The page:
Financial aid has come under fire for some time now, with banks saying that it is too expensive and not enough for most borrowers.
In recent years, however, the Bank of England has said that its lending policies are improving and that it has taken the issue more seriously.
But what are your deposits worth and how much do they have?
The Bank of Scotland and others have published figures to show what they say is the true value of your loan and the amount of interest you could be getting.
Here are some other questions you might want to ask.
What is a loan?
What is the Bank’s definition of a loan and what is the repayment schedule?
Is there a repayment schedule and is interest on it fixed?
Is it a ‘fixed’ loan, meaning that interest will be paid on it for a fixed amount of time, or a variable loan, which means that interest can change depending on the economy and the economy’s needs?
Is a loan interest-only, meaning it doesn’t earn interest?
Does the loan interest or a fee?
If the interest is interest-free, is it a loan or a loan-fee?
Is interest paid monthly or quarterly?
Can you apply for an income-related loan?
Does your loan cover any expenses, including rent, or do they cover a flat fee?
What’s the repayment period?
Does it cover the interest on the loan or only the interest?
Do you have to repay the loan within a certain period of time?
If you can repay it, how long do you need to do so?
What if you need more money and the interest doesn’t cover it?
Does interest have to be paid annually?
Can I get a loan to help pay for my housing costs?
Can my children get a mortgage on their home?
Can they buy an expensive home?
Is the repayment on your loan a fixed or variable rate?
Are there any conditions on the repayment?
Can the interest be withheld?
Are they repayable over time?
Can interest on your loans be withheld if the loan is no longer profitable?
What are the repayment terms?
Can a student borrow money to study or take part in a course at university?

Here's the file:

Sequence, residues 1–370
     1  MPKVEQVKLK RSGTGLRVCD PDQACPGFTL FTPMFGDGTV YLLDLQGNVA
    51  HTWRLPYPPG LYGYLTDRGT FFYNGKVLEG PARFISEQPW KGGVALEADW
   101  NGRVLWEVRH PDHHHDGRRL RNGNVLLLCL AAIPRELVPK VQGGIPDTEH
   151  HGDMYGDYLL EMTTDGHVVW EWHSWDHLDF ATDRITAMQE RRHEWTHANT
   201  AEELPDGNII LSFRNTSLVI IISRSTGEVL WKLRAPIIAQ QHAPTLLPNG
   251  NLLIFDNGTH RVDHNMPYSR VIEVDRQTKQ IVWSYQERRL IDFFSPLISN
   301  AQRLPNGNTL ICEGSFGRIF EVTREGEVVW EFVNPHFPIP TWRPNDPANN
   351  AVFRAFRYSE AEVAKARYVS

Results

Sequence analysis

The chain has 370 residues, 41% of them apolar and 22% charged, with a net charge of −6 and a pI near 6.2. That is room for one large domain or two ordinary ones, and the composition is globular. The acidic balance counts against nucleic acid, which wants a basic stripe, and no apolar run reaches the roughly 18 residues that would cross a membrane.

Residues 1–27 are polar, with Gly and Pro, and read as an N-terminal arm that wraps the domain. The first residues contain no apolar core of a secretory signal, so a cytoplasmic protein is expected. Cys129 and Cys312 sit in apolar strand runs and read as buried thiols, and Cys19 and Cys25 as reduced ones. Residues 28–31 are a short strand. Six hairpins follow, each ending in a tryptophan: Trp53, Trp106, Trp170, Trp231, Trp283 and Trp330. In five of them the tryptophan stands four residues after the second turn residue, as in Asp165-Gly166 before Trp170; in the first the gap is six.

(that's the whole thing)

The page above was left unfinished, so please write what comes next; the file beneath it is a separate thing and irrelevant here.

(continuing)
Can an elderly person borrow money for medical expenses?
Can someone with mental health issues borrow money?
Is your loan interest free?
Is repayment on a fixed rate?
Is debt repayment paid in instalments?
Is payment in instalaent?
Is repayable on a loan repayment schedule that doesn’t include a flat charge?
Can borrowers repay on a lump sum?
Does a lump-sum repayment guarantee?
How can I get help with a loan payment?
How do I apply for help?
Are I eligible for help from the Department for Work and Pensions?
What about student loans?
Are students eligible for a loan in the first place?
Are all students eligible?
Is my loan subject to interest?
What should I know about student loan interest rates?
What does interest mean?
What do you mean when you say you’re getting interest-interest-free?
How does interest work?
How long does interest on a bank loan last?
What can you get for a student loan?
How to find out how much you owe and what you can get for it.
Is interest on bank loans fixed?
How much interest can I earn?
How many interest-based repayment schemes are there?
How are interest-driven repayment plans funded?
How is interest calculated?
How should you apply?
Is student loan repayment income-based?
Are loans paid in monthly instalents?
How interest is paid on a student loans repayment schedule.
What do the government’s figures mean for you?
Can banks help you with the debt?
Can employers give you a loan with an interest rate?
Does student loan repayments have to start in the same month that a student repayments is completed?
Is an employer-sponsored loan eligible for an interest-rate-free repayment?
Does an employer have to pay interest on an interest repayment scheme?
Is anyone entitled to a student’s interest-paying allowance?
What you need from the government to get an interest free loan